Entries in fuel security (12)

Friday
Nov022018

ISO-NE is implementing near-term changes in both operations and markets to help address the risk of winter energy shortages

Coming soon: New estimates of the region’s fuel inventories and the cost of preserving fuel for times when it’s needed most

ISO New England’s efforts to address the region’s growing fuel security risks are continuing with two new initiatives to be deployed before winter 2018/2019 begins. One will forecast the region’s available energy supplies for the next 21 days, and the other will provide a market mechanism that will help ensure that limited fuel supplies are used when they are most valuable for system reliability and cost-effectiveness.

Click to read more ...

Friday
Oct262018

ISO-NE CEO gets “revved” up over the hybrid grid at Renewable Energy Vermont (REV) conference in Burlington

The New England electric grid is evolving in two fundamental ways, according to ISO New England CEO Gordon van Welie. The grid is shifting from the use of fossil fuels to generate electricity to cleaner resources and from central power plants to distributed generation. This change is creating a massive and exciting engineering and market design challenge, van Welie said.

van Welie shared this observation, and many others, during a keynote address at the Renewable Energy Vermont (REV) conference in Burlington, Vermont, on October 18. During his address to approximately 500 people, van Welie discussed the journey that New England is on in terms of energy policy, and the role of the ISO in it.

Click to read more ...

Monday
Oct012018

ISO-NE speaks to veterans on regional fuel-security challenges; helping solve energy challenges can provide mission-driven service for vets

On September 27, Norm Sproehnle, ISO New England Manager of Outage Coordination and U.S. Navy veteran, discussed New England’s Fuel Security Challenge with approximately 25 people at the 2018 Veteran's Energy Seminar, held at Boston University. According to their website, “the Veteran's Energy Seminar is designed to inspire veterans to use their technical skills and knowledge to continue service to the country after they leave the military in a way that positively impacts our national security. The program is based on training by the U.S. Department of State which introduces Foreign Service Officers to the fundamentals of energy fuels, markets, and regional conflict.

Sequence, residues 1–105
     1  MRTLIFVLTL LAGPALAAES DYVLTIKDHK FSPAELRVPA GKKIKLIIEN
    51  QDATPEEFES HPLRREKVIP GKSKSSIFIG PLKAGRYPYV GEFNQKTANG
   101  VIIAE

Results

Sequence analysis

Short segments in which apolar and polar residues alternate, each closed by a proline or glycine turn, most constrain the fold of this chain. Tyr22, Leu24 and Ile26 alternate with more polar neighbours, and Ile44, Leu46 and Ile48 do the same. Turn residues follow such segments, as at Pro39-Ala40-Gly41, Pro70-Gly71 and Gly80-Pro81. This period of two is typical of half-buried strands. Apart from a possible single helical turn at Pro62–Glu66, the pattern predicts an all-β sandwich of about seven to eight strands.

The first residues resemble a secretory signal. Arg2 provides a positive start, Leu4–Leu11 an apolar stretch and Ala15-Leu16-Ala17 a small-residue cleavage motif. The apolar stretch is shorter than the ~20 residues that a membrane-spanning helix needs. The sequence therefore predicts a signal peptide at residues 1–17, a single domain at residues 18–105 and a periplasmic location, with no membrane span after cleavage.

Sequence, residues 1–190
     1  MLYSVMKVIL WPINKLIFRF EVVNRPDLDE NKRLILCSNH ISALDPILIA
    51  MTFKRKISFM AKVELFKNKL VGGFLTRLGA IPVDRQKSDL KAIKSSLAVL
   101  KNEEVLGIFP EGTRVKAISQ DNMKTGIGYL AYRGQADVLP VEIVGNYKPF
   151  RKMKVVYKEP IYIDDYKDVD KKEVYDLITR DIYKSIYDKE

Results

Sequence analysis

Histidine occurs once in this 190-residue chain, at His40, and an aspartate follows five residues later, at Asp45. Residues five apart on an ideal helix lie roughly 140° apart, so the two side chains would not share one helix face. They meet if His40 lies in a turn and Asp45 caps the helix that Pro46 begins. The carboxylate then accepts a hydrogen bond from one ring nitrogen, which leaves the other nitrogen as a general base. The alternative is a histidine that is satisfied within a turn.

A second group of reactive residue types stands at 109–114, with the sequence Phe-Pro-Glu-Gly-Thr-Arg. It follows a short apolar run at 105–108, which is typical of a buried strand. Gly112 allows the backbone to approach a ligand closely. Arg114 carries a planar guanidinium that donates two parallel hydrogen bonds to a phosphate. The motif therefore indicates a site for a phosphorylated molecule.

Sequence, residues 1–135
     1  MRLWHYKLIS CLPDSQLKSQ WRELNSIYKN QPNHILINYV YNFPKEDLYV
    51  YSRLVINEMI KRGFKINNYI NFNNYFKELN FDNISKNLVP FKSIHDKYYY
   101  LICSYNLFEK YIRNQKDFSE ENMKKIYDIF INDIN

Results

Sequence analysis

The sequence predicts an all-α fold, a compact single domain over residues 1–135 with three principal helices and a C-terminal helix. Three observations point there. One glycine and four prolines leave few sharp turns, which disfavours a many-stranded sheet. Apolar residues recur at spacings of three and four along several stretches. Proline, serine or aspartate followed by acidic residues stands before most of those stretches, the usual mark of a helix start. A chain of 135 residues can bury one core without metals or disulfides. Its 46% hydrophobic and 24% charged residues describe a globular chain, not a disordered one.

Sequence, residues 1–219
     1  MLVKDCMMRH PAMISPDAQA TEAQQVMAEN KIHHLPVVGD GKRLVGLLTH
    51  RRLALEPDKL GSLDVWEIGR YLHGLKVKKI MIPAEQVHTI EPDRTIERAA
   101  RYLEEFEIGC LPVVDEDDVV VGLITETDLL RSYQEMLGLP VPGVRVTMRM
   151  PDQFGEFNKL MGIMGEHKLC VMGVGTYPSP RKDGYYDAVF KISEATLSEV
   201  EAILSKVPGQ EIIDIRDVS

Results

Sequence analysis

Click to read more ...

Friday
Aug312018

ISO-NE files proposal to retain retiring resources for fuel security

ISO New England has filed a proposal with the Federal Energy Regulatory Commission (FERC) to retain resources seeking retirement on the basis of a fuel-security reliability need. The proposal was filed August 31 in response to a deadline imposed by FERC last month and concludes a months-long stakeholder process to develop interim tariff changes to address fuel-security concerns in the near term. Several amendments to the ISO proposal were considered by stakeholders through the NEPOOL Markets, Reliability, and Participants committees. Some stakeholder amendments were incorporated into the ISO’s final proposal. Following the August 31 filing, the ISO will begin stakeholder discussions to develop a market-based mechanism to address long-term fuel-security challenges facing the region. For background, read our Update on ISO-NE’s operational fuel security initiatives.

Tuesday
Jul312018

Update on ISO-NE’s operational fuel security initiatives

Market changes are fast-tracked to address serious challenges

Soon after releasing its Operational Fuel-Security Analysis (OFSA) in January 2018, the ISO began meeting with stakeholders to discuss the results and developing plans to address the region’s fuel security risks in the short- and long-term. However within a few months of issuing the analysis, Exelon Generation announced that it intended to retire its Mystic Station generating units effective May 31, 2022. These units and their fuel source, a neighboring liquefied natural gas (LNG) import terminal, were explicitly identified in the OFSA as critical to the region’s fuel security. Given the increased urgency of the region’s fuel-security challenges, the ISO accelerated efforts already underway to address these risks.

Click to read more ...

Monday
Jun112018

“Pay-for-performance” capacity market incentives implemented as of June 1, 2018

“Pay-for-performance” (PFP)—a cornerstone of ISO New England’s ongoing, multi-faceted effort to address trends that are challenging power system reliability—became effective on June 1, 2018. PFP is part of New England’s Forward Capacity Market (FCM) design, which acquires obligations from resources needed to meet demand three years into the future. The new PFP rules provide enhanced incentives, in a carrot-and-stick approach, for resource owners to ensure their resources are ready and able to meet their obligations to provide energy and reserves or reduce demand during times of stress on the regional power system. Now, resources with a capacity obligation can be penalized $2,000 per megawatt-hour (MWh) for failing to meet their obligation during energy shortfalls, while resources that over-perform relative to their obligation (including resources with no obligation) can receive $2,000/MWh of additional revenue. This performance payment rate is scheduled to increase to $5,455/MWh over the next six years.

Click to read more ...